by Michael Leonard
When Led Zeppelin reunited in 2007 to play London’s 02 Arena, it was one of the most in-demand shows ever – 20 million people reportedly applied for tickets. Five years on, the show is out on DVD, Blu-ray and CD as Celebration Day. Gibson asked visuals director Dick Carruthers about capturing a legendary event.
Carruthers is a well-respected video producer in the rock world, with performances by The Who, Oasis, Snow Patrol, Stereophonics and more to his credit. In November 2012, his direction of Noel Gallagher’s International Magic (also filmed at the 02) was released.
But Celebration Day has taken five years to come to release.Gibson.com asked Carruthers about its slow birth from show to screen…
What was your original involvement for the show?
Only to direct what was being shown on the big screen at the O2. The original notion was for the band to do the show for as a tribute to Ahmet (Eturgun, Atlantic Records chief). It was just, “let’s do it for one night.” So I was brought in as a multi-camera director of rock gigs. I’ve done it many times – Aerosmith, Oasis, to the Rolling Stones to Take That.
But if you are filming a gig now, recording is always a part. There was a point when we wanted to do it right, record the whole thing. It was: what if we wanted to make a DVD of this? So we added cameras, lighted the audience a little more, and so on.
So, was there an intention for a DVD at the time?
Absolutely not. But I was making all of the arrangements, so if that ever happened I knew damn well we’d have everything we needed. Just in simple terms of the camera angles and the audio and decent lighting. But even six months to a year ago from now, there was a possibility this would never see the light of day.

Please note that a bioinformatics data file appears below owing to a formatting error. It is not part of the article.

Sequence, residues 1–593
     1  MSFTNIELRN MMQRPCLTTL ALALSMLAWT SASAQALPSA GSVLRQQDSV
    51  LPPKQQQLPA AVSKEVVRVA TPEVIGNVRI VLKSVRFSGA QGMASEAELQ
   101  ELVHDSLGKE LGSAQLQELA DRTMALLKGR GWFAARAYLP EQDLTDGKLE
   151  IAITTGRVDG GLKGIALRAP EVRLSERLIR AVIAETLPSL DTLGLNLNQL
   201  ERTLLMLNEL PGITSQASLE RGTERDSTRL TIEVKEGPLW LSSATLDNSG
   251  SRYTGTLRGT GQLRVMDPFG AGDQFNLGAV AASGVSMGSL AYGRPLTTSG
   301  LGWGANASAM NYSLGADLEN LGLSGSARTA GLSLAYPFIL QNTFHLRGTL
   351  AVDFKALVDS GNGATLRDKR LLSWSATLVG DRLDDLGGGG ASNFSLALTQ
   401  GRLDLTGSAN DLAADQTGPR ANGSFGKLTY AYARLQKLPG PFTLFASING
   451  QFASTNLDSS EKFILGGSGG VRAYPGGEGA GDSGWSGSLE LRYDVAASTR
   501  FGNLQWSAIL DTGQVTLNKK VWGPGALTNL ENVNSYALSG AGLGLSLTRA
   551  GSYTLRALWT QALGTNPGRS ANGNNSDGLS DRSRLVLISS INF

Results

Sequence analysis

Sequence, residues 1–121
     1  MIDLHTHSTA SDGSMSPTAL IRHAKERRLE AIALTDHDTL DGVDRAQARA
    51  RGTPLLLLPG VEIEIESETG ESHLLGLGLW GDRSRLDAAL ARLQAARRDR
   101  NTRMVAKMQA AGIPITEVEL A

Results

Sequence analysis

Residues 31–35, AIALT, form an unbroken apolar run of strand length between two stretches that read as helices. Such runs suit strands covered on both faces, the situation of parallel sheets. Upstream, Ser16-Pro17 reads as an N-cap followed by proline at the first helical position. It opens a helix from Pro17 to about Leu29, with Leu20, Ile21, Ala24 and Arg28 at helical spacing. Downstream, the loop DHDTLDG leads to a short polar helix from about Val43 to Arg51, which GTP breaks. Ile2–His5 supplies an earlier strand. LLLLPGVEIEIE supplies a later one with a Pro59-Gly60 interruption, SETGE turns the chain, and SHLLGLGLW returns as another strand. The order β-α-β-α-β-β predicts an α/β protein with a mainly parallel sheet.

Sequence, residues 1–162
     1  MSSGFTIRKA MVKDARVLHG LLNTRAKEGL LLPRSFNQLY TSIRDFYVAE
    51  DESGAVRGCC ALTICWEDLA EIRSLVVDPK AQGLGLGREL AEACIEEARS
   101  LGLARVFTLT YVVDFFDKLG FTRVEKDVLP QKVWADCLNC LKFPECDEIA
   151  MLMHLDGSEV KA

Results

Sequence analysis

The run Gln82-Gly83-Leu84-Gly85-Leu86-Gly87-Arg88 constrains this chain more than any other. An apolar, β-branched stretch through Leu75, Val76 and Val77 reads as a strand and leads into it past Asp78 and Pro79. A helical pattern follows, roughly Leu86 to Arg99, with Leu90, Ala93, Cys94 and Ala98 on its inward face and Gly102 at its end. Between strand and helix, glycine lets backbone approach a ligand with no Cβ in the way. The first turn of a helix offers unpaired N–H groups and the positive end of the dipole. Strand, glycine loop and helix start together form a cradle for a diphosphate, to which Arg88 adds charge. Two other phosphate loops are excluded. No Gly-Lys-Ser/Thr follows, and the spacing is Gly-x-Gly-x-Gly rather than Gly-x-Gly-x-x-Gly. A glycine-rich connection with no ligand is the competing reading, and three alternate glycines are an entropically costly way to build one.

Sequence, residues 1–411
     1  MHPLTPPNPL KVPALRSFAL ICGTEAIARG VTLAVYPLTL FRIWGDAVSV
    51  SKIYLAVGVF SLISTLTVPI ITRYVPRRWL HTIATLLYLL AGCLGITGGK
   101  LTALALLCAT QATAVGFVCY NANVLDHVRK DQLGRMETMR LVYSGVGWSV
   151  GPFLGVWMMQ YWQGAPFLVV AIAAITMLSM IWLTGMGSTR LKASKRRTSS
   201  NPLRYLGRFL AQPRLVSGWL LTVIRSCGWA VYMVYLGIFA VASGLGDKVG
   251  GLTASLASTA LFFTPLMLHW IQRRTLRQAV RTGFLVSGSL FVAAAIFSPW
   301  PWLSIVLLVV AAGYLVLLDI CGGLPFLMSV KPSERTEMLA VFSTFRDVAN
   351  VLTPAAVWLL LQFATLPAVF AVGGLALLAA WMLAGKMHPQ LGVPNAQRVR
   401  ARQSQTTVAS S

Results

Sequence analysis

It seems strange to have taken five years for Celebration Day to come out…
It’s not strange to me at all. As John Paul Jones said at the press conference, five years is five minutes in Led Zeppelin time. And he’s absolutely right. There was no commercial pressure to release it, that’s for sure. But they did it to make a statement. They did no warm-up gigs, only a couple of rehearsals, and then they did this one-off show and just blew everybody away. That’s the statement.
Everyone said it was the greatest gig ever, and I was very chuffed about my part in that. But you never really know. It’s like – if you go and see your friend in an amateur production of King Lear, you’ll always say, “oh daaaahling, you were amaaaazing.” Everyone was saying it was awesome, but we didn’t have a plan.
But I knew it was good, brilliant even. But it was a few years later when I got the phonecall saying: shall we have a look it this film again? I’d never even seen it, so I was like, “of course!”
So there was no “masterplan?”
“Oh no. This band is very honest. Gold-plated integrity. There wasn’t one person leading this, in particular. Decisions are made by committee, by senate. Even before I got to pull the tapes out of storage, everyone involved had to agree it was OK I did that.
I first looked at it with John Paul Jones and Robert Plant in a top editing suite. They were sat behind me, so I didn’t know what their reaction was at first. But they were blown away themselves.
And they called Jimmy (Page) and said, “you have to see this.” So Jimmy came in and watched the whole thing, too. After that, it was agreed: we should put this out.
“Because a couple of years had passed, all the furore had died down. By then it was simply a decision of acknowledging that this was really, really good and should be released. So, to me, to release it after a few years makes perfect sense. It’s a very “Zeppelin” thing to do.
What were you doing on the night? Did you actually get to enjoy the show?
Oh, absolutely. It was a fantastic focus of concentrating. I was mixing and directing the whole show – live-mixing all of the cameras and directing all of the on-screen graphics. By the time the band came on stage I had a thousand pre-set buttons that I could recall for the effects – when you watch Celebration Day, it makes sense why I had to do that.